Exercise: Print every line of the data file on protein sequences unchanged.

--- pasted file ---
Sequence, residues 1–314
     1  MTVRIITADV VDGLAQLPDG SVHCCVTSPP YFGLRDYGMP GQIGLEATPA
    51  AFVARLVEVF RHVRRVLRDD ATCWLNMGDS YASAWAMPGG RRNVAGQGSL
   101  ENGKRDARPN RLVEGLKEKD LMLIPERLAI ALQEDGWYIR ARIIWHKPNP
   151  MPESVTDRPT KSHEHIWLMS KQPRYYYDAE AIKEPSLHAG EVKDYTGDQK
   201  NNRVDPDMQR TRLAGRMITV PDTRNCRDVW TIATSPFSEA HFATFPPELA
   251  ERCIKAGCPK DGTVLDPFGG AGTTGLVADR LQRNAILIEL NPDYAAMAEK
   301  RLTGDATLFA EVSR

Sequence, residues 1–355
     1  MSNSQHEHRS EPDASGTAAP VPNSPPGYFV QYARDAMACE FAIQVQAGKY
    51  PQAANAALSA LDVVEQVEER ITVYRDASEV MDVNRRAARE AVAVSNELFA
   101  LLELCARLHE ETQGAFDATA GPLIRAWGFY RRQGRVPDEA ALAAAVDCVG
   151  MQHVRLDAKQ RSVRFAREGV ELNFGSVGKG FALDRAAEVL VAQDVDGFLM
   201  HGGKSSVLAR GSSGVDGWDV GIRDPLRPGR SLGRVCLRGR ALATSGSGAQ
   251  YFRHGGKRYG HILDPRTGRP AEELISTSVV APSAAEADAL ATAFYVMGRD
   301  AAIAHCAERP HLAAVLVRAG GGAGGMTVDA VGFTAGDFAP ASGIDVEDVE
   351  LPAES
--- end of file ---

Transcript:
Sequence, residues 1–314
     1  MTVRIITADV VDGLAQLPDG SVHCCVTSPP YFGLRDYGMP GQIGLEATPA
    51  AFVARLVEVF RHVRRVLRDD ATCWLNMGDS YASAWAMPGG RRNVAGQGSL
   101  ENGKRDARPN RLVEGLKEKD LMLIPERLAI ALQEDGWYIR ARIIWHKPNP
   151  MPESVTDRPT KSHEHIWLMS KQPRYYYDAE AIKEPSLHAG EVKDYTGDQK
   201  NNRVDPDMQR TRLAGRMITV PDTRNCRDVW TIATSPFSEA HFATFPPELA
   251  ERCIKAGCPK DGTVLDPFGG AGTTGLVADR LQRNAILIEL NPDYAAMAEK
   301  RLTGDATLFA EVSR

Sequence, residues 1–355
     1  MSNSQHEHRS EPDASGTAAP VPNSPPGYFV QYARDAMACE FAIQVQAGKY
    51  PQAANAALSA LDVVEQVEER ITVYRDASEV MDVNRRAARE AVAVSNELFA
   101  LLELCARLHE ETQGAFDATA GPLIRAWGFY RRQGRVPDEA ALAAAVDCVG
   151  MQHVRLDAKQ RSVRFAREGV ELNFGSVGKG FALDRAAEVL VAQDVDGFLM
   201  HGGKSSVLAR GSSGVDGWDV GIRDPLRPGR SLGRVCLRGR ALATSGSGAQ
   251  YFRHGGKRYG HILDPRTGRP AEELISTSVV APSAAEADAL ATAFYVMGRD
   301  AAIAHCAERP HLAAVLVRAG GGAGGMTVDA VGFTAGDFAP ASGIDVEDVE
   351  LPAES